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2014:80:5;481-482
doi: 10.4103/0378-6323.140343
PMID: 25201864

Solitary asymptomatic papule on cheek

Piyush Kumar1 , Asma Parveen1 , Anupam Das2 , Tanumay Raychaudhury3 , Indu Arun4
1 Department of Dermatology, Katihar Medical College, Bihar, India
2 Medical College and Hospital, West Bengal, India
3 Consultant Dermatologist, Cutaneous Lymphoma and Cutaneous Oncology, Tata Medical Centre, Kolkata, India
4 Consultant Pathologist, Tata Medical Centre, Kolkata, India

Correspondence Address:
Piyush Kumar
Dermatology, Katihar Medical College and Hospital, Katihar - 854 105, Bihar
India
How to cite this article:
Kumar P, Parveen A, Das A, Raychaudhury T, Arun I. Solitary asymptomatic papule on cheek . Indian J Dermatol Venereol Leprol 2014;80:481-482
Copyright: (C)2014 Indian Journal of Dermatology, Venereology, and Leprology

A 25-year-old girl presented to us with solitary asymptomatic papule over the left cheek for the last 6 years. At the outset, it was a pin-head sized elevation but gradually increased to a size of around 1 cm after which it had been static for the last 2 years. Physical examination revealed a single flesh-colored, firm to rubbery papule over the left cheek [Figure - 1]a and b. The remainder of the muco-cutaneous examination including hair, nails, and mucosae was non-contributory. Routine investigations including serum biochemistry panel, urine examination, chest X-ray and ultrasonography of the abdomen were non-contributory. An excision biopsy of the lesion revealed a nodular lesion in the dermis, composed of tightly woven fascicles of slender spindle cells with bland nuclei [Figure - 2]a-c. Immunohistochemical staining showed the neoplastic cells to be positive for S-100 protein [Figure - 3]a and negative for glial fibrillary acid protein (GFAP) [Figure - 3]b.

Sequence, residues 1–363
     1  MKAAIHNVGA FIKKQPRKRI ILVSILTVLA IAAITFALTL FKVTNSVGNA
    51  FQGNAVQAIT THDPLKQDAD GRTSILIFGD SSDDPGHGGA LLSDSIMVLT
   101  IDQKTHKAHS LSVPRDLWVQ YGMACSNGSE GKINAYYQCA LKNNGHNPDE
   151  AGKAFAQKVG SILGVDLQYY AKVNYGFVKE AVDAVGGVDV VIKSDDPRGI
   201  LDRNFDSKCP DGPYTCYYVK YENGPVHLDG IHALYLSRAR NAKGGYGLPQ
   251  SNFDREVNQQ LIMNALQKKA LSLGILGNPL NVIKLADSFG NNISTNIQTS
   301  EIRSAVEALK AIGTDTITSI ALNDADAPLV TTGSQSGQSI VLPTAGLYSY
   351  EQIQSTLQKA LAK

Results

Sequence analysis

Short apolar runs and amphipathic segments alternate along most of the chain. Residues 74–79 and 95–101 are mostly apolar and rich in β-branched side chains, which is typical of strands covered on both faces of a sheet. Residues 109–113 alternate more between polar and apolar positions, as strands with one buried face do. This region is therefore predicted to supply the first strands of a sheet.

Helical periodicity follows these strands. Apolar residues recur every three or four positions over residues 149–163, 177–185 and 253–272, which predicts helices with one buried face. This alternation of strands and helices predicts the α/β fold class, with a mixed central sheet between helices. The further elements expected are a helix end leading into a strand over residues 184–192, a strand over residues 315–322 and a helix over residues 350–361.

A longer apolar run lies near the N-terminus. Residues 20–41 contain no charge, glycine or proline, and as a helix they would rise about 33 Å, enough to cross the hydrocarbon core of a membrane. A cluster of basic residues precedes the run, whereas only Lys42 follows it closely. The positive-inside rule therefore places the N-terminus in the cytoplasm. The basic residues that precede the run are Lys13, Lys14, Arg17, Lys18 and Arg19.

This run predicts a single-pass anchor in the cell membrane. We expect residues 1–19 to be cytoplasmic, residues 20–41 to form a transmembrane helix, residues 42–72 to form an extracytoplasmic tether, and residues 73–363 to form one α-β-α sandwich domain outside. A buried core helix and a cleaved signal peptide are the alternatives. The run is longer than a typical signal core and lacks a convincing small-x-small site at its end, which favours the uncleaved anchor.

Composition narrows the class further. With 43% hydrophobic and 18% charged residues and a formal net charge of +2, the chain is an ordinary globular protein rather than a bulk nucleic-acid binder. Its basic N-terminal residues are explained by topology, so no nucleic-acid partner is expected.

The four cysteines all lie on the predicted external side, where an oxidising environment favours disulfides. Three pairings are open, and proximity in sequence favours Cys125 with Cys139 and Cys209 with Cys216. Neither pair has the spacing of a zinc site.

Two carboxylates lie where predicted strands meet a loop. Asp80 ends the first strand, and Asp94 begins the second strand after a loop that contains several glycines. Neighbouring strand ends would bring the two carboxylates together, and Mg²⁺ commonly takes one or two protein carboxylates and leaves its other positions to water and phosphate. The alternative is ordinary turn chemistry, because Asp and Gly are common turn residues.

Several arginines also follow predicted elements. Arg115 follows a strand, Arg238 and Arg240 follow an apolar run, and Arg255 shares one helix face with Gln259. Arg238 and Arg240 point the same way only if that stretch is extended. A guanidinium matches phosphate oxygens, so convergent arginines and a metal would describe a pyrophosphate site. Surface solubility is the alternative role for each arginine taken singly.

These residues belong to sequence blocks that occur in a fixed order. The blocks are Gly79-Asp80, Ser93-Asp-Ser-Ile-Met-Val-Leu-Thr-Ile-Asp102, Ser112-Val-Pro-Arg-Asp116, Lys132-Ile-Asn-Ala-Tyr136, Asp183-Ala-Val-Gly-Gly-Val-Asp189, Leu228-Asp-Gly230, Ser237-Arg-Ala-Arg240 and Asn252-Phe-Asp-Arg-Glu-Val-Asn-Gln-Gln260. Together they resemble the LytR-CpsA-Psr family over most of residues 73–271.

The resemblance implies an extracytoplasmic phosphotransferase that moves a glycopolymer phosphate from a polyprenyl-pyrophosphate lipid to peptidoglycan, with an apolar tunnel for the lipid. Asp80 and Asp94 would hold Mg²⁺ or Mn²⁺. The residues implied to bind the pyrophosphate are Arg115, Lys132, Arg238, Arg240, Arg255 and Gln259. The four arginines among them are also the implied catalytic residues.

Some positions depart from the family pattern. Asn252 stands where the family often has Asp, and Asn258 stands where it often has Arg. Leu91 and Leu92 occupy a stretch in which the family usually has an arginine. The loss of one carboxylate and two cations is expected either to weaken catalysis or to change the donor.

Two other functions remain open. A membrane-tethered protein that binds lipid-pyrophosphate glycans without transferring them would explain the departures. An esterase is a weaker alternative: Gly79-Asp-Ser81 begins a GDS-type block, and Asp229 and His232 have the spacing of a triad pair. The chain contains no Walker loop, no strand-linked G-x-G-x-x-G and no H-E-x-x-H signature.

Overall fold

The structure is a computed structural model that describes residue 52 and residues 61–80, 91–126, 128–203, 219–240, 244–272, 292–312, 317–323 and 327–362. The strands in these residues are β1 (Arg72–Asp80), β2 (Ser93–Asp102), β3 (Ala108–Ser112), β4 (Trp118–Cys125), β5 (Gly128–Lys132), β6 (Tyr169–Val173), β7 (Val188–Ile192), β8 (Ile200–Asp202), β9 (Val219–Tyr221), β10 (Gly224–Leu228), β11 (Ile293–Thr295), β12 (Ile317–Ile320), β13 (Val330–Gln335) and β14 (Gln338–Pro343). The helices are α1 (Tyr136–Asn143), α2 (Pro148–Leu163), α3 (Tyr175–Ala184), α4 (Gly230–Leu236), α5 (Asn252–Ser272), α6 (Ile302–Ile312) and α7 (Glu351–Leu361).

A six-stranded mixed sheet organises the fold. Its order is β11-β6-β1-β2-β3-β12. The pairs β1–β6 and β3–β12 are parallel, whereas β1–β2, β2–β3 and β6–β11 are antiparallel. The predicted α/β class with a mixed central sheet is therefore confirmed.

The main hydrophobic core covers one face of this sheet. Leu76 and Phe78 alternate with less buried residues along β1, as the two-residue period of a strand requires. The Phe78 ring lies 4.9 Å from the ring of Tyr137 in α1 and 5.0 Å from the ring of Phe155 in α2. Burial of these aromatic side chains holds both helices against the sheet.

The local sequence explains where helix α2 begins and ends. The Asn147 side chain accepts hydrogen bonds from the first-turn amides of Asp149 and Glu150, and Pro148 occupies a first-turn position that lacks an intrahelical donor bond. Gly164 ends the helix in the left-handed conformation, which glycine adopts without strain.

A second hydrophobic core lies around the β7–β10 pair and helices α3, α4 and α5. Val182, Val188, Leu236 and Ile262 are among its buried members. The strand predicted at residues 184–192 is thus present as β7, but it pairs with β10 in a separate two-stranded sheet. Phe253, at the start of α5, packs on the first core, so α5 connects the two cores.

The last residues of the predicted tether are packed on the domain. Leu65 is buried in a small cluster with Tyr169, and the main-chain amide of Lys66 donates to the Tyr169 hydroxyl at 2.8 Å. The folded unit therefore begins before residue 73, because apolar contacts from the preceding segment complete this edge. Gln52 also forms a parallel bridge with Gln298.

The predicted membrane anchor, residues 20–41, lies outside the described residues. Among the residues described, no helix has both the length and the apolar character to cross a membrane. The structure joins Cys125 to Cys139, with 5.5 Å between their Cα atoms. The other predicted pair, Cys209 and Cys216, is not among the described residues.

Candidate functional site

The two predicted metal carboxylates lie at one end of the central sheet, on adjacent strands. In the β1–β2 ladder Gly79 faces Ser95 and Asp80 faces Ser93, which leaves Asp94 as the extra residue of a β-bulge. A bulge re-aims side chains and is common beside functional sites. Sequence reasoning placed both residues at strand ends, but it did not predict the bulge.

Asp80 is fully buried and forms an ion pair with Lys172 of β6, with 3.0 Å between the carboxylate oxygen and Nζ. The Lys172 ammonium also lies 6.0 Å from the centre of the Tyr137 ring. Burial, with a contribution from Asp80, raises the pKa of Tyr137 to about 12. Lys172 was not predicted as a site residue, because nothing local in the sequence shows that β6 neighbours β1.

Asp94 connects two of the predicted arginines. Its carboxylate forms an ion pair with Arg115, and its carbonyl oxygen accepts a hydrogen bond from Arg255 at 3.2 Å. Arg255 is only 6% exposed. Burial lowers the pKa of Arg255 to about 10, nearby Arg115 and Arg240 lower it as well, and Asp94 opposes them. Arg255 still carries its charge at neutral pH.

Figure 1: (a) Solitary flesh-colored papule on left cheek. (b) Close up of the lesion
Figure 2: (a) There is a nodular lesion in the dermis composed of fascicles of spindled Schwann cells with bland nuclei (H and E, ×40). (b) Fascicles of spindled Schwann cells in the dermis showing vague palisading, narrow gaps separating fascicles, and clefting from the adjacent dermis (H and E, ×100). (c) No mitotic activity or nuclear atypia is seen in the neoplastic cells (H and E, ×400)
Figure 3: (a) Neoplastic cells are diffusely positive for S100 (H and E, ×400). (b) An immunostain for GFAP is negative in the neoplastic cells (×400)

What is your diagnosis?

Diagnosis

Palisaded encapsulated neuroma (also known as solitary circumscribed neuroma).

DISCUSSION